Baba Louie
July 1, 2003, 10:08 AM
Congratulations (I think)

A good friend of mine did three tours in the IDF back in the 80's. Walked all over Lebanon carrying a SAW. Said he only got really scared once. Uri told me that those three years were some of the best of his (then) young life (He's now an architect and realtor living in Las Vegas). He met his future bride (American JAP) whilst on duty at a kibbutz (west bank).

After listening to his tales and meeting his parents and brother on a visit here, it seems to me that anyone living there is in a combat zone tho' so I wouldn't really worry or be disappointed about the (no) combat arms. It's a good thing (can't keep the old population ball rolling if only male offspring is KIA) in a way.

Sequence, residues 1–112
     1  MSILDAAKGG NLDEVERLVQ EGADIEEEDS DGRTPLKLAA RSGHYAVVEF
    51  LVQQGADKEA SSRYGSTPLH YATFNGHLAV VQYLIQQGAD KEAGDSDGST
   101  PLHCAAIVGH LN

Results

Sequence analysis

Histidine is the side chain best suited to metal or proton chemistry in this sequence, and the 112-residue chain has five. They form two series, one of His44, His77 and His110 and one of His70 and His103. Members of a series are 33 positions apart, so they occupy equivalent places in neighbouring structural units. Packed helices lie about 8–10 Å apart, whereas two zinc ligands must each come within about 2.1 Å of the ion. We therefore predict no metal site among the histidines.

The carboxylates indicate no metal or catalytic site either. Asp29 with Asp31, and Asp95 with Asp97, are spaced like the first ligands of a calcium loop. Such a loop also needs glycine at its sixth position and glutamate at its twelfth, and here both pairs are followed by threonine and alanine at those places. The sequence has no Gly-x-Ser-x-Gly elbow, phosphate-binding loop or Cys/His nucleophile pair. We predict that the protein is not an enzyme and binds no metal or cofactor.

The next couple of years could prove to be real interesting for you micro, given the current situation with the palestinians.

Stay safe. Keep us informed when ya can without giving away too many secrets.

Adios

bogie
July 1, 2003, 11:51 AM
One thing - don't expect basic to be all that hard core... Remember that it'll all be dumbed down to the lowest common denominator. Try to spend your time helping the slower troops, or you'll go nuts. DO NOT blame them for being slow.

Now, when I was in basic back in the eighties, we had a guy who'd been in the IDF in my basic training company (he'd moved to the U.S., and couldn't cut it somehow, so he joined the army). One of the least-proficient troops I've ever known. Seems there's a LOT of slackers around...